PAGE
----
An exhibition of the work of American Pop artist Andy Warhol opens in London's famous Tate Gallery on Wednesday (Feb. 17).
GV Tate Gallery
GV Tate Gallery TILT DOWN Exhibition poster
CU ZOOM OUT Marilyn Monroe painting.
SV/CU Brillo Boxes
SV PAN/CU "Triple Elvis" (2 shots)
CU ZOOM OUT "Double Elvis" (2 shots)
GV PAN "Self Portrait"
SV PAN Sydney Janis paintings
CU ZOOM OUT Flowers
SV PAN Flowers to "Death & Destruction" section
CU ZOOM OUT "Twelve most Wanted Men"
SV ZOOM IN "Electric Chair"
SCU PAN Campbell's Soup series.
Initials BB/2150 BB/2245
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Background: An exhibition of the work of American Pop artist Andy Warhol opens in London's famous Tate Gallery on Wednesday (Feb. 17). The exhibition, which has already been seen in Chicago, Eindhoven and Paris, is restricted at the artist's request, to five of his major themes: The Soup Cans, The Brillo Boxes, The Portraits, The Disasters and The Flowers.
This film was shot by Visnews staff cameraman Leo Waller at a special press preview, prior to the public opening.
SYNOPSIS: An exhibition of the American Pop artist Andy Warhol opened at London's famous Tate Gallery on Wednesday. Warhol no longer paints, but makes films, therefore the exhibition is retrospective of his work. Warhol's imagery is usually picked, ready made, from film publicity like this Marilyn Monroe, newspaper photographs, advertisements and packaging.
At the artist's request, only five themes are represented, the Brillo Boxes, Soup Cans, Flowers, Disasters and Portraits.
Warhol's most effective stylistic weapon has been the multiple image, which he achieves by silk-screening methods helped further by the choice of easily recognisable subjects: Elvis Presley, Elizabeth Taylor, Marilyn Monroe, even household objects such as Soupcans. He wants an art that will appeal to everybody and therefore uses popular objects and people.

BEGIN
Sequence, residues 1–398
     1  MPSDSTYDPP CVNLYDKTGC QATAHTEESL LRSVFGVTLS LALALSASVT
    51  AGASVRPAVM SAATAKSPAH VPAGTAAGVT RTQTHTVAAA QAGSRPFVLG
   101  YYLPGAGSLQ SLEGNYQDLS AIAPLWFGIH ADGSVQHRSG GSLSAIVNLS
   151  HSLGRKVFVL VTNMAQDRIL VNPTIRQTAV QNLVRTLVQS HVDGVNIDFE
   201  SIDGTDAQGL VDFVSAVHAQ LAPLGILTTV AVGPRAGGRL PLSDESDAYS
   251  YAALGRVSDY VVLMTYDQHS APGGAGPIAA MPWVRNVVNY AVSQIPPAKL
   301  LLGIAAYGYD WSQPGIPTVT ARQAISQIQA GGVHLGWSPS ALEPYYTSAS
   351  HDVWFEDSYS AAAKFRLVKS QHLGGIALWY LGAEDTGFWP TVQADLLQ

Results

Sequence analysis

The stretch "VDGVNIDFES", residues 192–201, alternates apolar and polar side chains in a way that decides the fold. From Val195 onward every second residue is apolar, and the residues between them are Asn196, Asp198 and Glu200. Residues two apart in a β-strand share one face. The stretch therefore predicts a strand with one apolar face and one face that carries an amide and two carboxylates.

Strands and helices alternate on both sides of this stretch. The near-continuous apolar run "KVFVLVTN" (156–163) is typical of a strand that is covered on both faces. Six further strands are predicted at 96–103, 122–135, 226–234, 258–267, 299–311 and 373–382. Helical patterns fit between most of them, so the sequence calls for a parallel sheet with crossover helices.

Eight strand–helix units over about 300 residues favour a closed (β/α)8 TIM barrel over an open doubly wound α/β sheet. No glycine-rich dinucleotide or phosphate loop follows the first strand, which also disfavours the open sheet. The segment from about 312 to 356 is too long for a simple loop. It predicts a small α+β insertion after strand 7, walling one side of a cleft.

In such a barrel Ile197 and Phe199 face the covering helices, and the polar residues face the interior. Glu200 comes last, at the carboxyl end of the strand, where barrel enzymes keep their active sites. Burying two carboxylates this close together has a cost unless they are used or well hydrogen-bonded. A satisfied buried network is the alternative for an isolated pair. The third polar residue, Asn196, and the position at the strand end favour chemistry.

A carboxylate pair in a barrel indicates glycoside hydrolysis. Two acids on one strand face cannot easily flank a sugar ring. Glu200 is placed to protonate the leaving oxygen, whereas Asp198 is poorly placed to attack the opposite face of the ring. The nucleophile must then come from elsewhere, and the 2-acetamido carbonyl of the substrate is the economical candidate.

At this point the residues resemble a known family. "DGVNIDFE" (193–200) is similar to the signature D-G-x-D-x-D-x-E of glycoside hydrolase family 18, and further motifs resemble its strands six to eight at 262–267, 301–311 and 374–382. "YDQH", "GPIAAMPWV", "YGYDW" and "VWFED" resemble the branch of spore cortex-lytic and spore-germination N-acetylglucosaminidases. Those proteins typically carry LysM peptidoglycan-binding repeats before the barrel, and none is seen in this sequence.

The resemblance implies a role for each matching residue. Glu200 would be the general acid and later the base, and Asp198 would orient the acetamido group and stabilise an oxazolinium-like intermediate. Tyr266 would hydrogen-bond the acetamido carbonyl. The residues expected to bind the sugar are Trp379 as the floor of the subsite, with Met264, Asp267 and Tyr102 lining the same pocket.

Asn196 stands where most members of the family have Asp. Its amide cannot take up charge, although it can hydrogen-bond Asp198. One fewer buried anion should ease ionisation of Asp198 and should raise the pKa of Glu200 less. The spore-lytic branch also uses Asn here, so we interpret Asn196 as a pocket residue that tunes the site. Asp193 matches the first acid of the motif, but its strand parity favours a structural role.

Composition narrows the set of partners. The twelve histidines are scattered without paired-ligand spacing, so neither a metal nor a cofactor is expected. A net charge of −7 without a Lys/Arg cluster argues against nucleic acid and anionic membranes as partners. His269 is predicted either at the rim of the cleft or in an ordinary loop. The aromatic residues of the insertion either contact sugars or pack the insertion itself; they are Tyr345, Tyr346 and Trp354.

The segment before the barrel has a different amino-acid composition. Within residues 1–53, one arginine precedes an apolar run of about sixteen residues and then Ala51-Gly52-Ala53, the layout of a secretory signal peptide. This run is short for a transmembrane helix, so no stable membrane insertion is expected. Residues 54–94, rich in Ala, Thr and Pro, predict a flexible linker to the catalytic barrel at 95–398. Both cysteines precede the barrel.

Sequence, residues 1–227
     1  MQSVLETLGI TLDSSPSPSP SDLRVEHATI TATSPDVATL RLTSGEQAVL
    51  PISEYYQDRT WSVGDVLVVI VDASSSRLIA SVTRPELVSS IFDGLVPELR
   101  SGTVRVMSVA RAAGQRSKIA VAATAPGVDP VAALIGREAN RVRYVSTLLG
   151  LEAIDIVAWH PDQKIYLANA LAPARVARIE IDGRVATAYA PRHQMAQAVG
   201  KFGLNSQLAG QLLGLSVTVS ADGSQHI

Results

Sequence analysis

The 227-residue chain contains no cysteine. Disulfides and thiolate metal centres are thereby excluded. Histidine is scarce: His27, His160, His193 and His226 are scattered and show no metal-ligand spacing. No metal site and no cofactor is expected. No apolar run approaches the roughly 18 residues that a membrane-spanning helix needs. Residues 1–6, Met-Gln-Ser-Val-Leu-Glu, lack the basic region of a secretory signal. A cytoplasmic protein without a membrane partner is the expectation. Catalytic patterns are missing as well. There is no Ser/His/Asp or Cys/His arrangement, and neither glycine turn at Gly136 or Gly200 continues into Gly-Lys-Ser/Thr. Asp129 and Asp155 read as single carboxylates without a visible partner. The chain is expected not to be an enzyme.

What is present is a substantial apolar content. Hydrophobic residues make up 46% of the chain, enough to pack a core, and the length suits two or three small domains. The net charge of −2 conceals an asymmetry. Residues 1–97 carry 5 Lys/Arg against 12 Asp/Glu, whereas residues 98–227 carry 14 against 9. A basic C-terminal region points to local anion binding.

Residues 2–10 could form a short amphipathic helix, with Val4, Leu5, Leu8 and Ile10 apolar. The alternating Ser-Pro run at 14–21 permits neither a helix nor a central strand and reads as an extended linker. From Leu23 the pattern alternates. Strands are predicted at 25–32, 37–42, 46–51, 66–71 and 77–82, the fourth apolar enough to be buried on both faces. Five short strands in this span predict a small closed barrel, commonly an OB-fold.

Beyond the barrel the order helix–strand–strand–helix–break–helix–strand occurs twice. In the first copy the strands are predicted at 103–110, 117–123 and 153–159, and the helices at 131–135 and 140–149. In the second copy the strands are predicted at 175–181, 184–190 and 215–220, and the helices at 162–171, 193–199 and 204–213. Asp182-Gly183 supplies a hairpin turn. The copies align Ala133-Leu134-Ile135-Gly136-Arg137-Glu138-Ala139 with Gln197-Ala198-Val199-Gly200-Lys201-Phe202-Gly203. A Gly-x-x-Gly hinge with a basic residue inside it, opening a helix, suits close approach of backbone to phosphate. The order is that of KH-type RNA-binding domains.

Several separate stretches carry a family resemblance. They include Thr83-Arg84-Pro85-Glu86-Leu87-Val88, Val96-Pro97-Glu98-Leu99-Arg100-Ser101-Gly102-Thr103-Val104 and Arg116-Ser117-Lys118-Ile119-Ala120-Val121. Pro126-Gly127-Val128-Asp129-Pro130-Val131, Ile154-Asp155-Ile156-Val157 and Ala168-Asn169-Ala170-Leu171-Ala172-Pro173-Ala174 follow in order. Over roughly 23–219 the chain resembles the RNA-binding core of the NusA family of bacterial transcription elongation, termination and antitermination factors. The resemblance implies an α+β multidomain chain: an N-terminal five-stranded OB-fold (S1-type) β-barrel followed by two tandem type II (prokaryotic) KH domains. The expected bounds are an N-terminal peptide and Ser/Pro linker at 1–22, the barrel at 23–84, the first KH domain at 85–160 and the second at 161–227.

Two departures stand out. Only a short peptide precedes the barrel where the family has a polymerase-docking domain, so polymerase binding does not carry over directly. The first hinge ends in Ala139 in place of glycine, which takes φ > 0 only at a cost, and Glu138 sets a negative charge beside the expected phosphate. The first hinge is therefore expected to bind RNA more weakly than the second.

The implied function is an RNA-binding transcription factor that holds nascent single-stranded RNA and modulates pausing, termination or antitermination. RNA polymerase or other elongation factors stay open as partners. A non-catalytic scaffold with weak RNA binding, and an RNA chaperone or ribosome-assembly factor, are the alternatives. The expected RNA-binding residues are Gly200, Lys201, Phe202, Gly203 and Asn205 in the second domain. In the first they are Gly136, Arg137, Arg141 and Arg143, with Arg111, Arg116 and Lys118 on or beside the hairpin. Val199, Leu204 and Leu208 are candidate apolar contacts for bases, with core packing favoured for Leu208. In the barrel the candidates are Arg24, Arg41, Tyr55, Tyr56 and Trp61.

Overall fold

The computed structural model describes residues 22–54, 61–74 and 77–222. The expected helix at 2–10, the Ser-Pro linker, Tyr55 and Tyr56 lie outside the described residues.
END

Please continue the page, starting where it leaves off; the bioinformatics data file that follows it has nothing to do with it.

With Warhol himself becoming almost as well known as the people on his canvases, it is not out of place to see the multiple self-portraits.
The serialisation in his work suggests mechanisation: the individual pictures being altered only slightly in form or colour. The constant repetition is to prevent emotional involvement.
Moreover, a lot of his work is simply reproductions of reproductions, blown up to huge scale and covered in garish colours. Total detachment is what Warhol has always aimed for, and total detachment is what he has consistently achieved.
The analogy with the world of mass produced violence and death comes through most forcefully in his 'Disaster' paintings: the 'Twelve most wanted men' became a very controversial painting.
The 'Electric Chair' is particularly emphatic because Warhol mechanically executed' the production of his multiples of this mechanical executor.
The world-famous Campbell's Soup Cans. Asked how his work would be seen in fifty years time, Warhol replied that he had used cheap paint so they would peel off long before then.